Protest near site of violent arrest at Brickyard Mall calls for new tactics, less funds for police

Chicago News

CHICAGO — Community groups gathered across the street from Brickyard Mall Monday to ask government leaders to invest in their communities instead of the police.

The Northwest Side mall was the site of a violent arrest last week which drew outrage after it was caught on video. Two Chicago officers have been relieved of their police powers pending an investigation.

Religious leaders, affordable housing advocates, family services workers and civil rights activists gathered at a park across the street from the mall Monday to demand changes to police funding and tactics in Chicago.

“We are here to condemn police brutality against our black brother sand sisters,” said Rosa Reyes, Communities United.

Video of the arrest at Brickyard Mall on May 31 shows Chicago cops surround a car, bash the windows out with clubs and yank people out.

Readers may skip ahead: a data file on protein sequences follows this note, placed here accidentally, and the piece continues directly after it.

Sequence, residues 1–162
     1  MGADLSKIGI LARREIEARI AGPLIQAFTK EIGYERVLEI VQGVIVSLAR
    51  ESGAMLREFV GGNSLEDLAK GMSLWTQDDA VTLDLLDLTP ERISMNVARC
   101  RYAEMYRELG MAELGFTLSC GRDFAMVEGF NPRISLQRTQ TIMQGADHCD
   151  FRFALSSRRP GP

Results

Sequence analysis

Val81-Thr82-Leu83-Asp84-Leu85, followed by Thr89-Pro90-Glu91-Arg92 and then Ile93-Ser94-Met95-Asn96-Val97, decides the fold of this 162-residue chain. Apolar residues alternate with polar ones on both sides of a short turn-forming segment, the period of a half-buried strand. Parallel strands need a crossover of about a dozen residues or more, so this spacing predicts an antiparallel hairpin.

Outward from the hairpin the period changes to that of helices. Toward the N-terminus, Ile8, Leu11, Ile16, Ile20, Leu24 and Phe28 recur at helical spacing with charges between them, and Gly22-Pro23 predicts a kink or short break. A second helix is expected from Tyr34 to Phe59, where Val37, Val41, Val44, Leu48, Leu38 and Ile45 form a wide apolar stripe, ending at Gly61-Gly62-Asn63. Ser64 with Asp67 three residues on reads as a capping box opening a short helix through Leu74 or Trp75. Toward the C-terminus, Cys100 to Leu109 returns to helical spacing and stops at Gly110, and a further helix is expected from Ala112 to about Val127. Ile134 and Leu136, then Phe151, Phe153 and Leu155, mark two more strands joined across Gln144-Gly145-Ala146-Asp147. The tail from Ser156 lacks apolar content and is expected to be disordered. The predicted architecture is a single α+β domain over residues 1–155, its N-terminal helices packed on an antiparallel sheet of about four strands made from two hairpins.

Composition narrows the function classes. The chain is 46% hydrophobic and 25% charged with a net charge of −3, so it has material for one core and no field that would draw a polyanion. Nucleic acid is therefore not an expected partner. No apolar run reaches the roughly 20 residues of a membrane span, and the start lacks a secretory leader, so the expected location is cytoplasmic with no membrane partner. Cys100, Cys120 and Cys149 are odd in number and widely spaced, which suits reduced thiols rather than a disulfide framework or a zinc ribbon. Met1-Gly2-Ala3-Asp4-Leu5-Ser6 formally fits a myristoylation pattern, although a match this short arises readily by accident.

One of them was Mia Wright, who was pulled from the car by a white police officer who then slammed her to the pavement and held her down with a knee pinned on her neck. The incident took place less than a week after George Floyd was killed in Minneapolis using a similar arrest tactic.

“When a police officer hurts or kills one of us, all of us are threatened,” said Anthony Stewart, Black Workers Matter.

Wright was in the car with her mother and cousin that Sunday, a day after violence and looting spread across the city. Wright says the three had gone to the mall not knowing it was closed because of looting. 

Police say officers on the scene believed the three were at the mall to “disturb the peace,” but Wright contends police targeted the wrong person.

“They want everybody to get on the ground, and you ‘aint even done nothing. Let’s figure out what’s going on before you put guns in people’s face,” Stewart said Monday.

Now groups are asking for more resources in Chicago’s largely black, latino, and hispanic neighborhoods. They say tax dollars should prioritize housing, hunger and violence prevention programs  — and less for the police department, which may help ease the racial tensions.

“When you think about the civil rights movement, doesn’t it feel like we’re taking too many steps back – general steps back – the only difference is today, it’s being filmed,” said Roxanne Nava, Metropolitan Family Services.

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